But this only works insofar as the research market is efficient, and there are good reasons to believe that (a) new discoveries act as shocks, which can dramatically change (i.e. by many orders of magnitude) the marginal value of different fields and (b) the research market has inefficiencies resulting in large and long-lasting discrepancies in marginal value between fields. (Reasons for (b) include the fact that scientists and funding agencies often are beset by biases, are self-interested, are slow to adapt, and don’t think about the far future.) Therefore, it’s very likely that dramatic differences in marginal value of research fields currently exist and will persist into the future. In particular, I suspect insights about the potential importance of artificial intelligence have not been appreciated by most practicing academics and their funders, so I think it’s certainly possible (but by no means obvious) that the marginal research dollar in this field could be orders of magnitude more important than most others.
Eliezer Yudkowsky provides this pithy summary:
I think it’s kinda disingenuous to use the title ‘Charities Don’t Differ Astronomically’ to defend the thesis that some charities can be a billion times more effective than another, but are unlikely to be 10^30 times more effective than a positive-but-useless charity because the second charity, assuming it is positive, probably has a greater-than-1-in-10^30 accidental and unintentional effect on promoting the goals of the first charity, unless of course that effect is negative. ‘Charities Differ In Impact By A Factor of Billions, Not Decillions, Due To Bad Charities’ Unintentional Flow-Through Effects on Astronomical Stakes, Which May Be Negative’ would be a more accurate title here. More importantly that doesn’t refute any of the main policy points in the astronomical-stakes argument.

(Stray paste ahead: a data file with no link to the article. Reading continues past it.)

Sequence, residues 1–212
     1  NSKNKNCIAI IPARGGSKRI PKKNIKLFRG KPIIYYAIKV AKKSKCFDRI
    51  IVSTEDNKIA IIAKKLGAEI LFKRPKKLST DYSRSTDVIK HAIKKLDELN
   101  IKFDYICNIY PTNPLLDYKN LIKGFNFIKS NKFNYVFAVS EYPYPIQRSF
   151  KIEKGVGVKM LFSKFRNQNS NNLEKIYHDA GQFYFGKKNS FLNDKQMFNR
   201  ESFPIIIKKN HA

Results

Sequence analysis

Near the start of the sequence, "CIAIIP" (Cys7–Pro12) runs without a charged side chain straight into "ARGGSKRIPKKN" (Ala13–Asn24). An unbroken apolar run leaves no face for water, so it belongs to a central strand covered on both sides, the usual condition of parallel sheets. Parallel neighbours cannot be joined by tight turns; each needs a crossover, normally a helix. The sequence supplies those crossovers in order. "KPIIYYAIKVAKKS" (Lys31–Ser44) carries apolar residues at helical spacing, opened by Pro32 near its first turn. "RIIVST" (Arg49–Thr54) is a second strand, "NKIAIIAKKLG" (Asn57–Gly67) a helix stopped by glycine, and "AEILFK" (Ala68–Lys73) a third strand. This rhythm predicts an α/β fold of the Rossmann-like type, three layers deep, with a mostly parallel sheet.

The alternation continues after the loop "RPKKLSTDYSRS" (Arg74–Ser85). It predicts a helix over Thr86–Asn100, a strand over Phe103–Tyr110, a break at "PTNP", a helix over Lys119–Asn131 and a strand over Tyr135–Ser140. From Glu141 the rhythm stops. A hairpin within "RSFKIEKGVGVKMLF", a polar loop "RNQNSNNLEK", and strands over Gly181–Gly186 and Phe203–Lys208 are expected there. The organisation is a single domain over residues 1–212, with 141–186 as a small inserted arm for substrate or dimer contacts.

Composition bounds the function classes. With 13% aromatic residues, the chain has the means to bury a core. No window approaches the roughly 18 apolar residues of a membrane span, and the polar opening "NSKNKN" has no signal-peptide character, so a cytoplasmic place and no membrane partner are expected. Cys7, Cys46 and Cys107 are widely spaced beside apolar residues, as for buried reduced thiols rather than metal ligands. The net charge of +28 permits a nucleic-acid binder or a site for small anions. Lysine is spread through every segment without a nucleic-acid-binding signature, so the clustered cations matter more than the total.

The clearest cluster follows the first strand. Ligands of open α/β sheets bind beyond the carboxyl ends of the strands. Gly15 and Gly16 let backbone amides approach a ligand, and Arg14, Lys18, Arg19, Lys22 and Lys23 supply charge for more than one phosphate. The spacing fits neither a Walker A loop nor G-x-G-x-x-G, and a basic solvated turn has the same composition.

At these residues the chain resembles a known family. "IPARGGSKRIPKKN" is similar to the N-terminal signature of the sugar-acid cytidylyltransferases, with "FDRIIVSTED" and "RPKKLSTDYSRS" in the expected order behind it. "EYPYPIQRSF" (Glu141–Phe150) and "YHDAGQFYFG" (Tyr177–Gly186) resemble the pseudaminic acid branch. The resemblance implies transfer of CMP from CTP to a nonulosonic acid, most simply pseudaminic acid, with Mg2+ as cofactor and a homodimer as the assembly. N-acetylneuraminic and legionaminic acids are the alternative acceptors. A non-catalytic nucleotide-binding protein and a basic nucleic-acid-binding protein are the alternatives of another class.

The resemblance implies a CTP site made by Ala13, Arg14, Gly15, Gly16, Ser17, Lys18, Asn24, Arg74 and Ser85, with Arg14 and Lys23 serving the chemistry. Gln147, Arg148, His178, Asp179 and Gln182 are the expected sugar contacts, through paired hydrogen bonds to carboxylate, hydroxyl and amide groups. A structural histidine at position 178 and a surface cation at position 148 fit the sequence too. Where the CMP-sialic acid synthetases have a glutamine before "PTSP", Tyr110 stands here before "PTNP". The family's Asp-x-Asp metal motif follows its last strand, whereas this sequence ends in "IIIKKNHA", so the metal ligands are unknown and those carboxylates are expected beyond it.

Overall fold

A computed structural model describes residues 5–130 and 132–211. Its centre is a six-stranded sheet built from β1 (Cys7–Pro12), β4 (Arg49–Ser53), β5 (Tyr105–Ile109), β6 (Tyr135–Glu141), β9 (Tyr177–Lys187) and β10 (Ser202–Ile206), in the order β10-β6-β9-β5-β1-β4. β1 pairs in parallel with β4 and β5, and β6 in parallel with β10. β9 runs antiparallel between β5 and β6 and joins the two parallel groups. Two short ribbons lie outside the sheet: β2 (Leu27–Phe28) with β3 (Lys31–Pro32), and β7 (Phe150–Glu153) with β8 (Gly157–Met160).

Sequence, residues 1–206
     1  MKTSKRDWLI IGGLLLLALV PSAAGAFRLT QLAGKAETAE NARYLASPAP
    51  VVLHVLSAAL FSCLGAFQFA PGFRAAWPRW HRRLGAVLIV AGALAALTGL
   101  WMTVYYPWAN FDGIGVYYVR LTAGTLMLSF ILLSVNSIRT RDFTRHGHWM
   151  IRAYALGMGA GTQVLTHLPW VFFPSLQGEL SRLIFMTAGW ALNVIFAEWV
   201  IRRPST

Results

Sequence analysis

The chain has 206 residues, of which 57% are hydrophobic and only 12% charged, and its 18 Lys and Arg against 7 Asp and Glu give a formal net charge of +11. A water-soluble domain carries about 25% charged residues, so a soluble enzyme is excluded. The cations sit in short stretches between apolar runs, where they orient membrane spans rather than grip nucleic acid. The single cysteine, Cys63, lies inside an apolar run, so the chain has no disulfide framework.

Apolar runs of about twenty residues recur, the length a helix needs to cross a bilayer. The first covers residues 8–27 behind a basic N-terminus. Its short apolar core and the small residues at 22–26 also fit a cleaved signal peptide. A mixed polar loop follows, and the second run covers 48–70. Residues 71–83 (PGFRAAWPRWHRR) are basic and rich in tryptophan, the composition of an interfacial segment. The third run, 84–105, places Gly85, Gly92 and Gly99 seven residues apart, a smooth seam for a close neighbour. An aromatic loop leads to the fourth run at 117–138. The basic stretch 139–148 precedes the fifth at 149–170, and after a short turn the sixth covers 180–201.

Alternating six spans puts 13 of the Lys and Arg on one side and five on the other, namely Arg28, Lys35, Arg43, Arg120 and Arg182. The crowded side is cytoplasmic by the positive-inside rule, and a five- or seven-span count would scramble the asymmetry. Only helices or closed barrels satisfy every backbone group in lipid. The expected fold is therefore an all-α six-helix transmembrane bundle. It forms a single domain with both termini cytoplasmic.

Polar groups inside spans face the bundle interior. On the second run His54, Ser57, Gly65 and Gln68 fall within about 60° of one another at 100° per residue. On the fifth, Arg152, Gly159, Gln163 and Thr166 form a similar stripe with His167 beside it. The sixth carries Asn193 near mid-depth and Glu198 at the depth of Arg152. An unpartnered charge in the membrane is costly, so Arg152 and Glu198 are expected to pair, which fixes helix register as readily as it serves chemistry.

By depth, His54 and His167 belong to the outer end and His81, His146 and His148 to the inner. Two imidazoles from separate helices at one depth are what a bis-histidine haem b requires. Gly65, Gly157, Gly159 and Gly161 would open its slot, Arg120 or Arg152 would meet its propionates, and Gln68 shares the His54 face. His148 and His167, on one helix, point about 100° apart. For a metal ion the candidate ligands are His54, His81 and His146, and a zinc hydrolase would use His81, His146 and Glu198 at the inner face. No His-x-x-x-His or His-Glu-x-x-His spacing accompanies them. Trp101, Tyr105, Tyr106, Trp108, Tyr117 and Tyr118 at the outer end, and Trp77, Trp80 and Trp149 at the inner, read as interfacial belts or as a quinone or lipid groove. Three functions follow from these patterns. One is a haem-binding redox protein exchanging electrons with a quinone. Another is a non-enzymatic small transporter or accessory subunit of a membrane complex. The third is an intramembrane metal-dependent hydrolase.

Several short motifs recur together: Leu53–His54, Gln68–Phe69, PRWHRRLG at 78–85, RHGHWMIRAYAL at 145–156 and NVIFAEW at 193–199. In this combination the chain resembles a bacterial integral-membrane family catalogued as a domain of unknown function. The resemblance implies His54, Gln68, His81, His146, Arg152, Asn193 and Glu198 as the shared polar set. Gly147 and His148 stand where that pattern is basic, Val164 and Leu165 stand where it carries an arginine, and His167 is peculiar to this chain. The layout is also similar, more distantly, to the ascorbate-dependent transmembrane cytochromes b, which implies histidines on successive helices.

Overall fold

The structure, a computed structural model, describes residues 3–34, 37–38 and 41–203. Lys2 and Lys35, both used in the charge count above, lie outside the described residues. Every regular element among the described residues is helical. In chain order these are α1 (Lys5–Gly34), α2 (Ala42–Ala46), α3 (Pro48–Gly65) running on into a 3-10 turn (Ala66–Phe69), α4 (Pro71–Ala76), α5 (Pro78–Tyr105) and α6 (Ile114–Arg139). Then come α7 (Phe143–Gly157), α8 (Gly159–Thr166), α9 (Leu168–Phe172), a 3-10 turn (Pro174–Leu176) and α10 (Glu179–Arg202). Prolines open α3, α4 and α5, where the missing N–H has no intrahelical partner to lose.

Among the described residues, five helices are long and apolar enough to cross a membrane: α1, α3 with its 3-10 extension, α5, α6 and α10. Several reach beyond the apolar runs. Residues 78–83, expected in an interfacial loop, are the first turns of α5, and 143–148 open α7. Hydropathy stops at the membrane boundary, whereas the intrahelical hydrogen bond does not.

Thanks, Jess! I added a new section to the piece to answer your main question (http://utilitarian-essays.com/robustness-against-uncertainty.html#why-even-out). Readers should check that out before finishing this comment.
In response, Jess said:
“With regard to the argument: As you suspect, I do imagine that most of the flow-through effects come from one or two places. However, even if we put that aside I think an expectation of smoothing is still not stable under rescaling. In other words, if you make the claim that two charities should be within an order of magnitude or so of each other when all flow-through effects are accounted for–*without* putting any other conditions on the charities–then I can always modify the scenario by making the lesser charity 10 times further less effective by just having it burn 90% of its money (which is something that many charities effectively do). Without further qualifications your principle can’t distinguish between these two situations (that is, before and after money burning), and so it can’t apply to both of them.”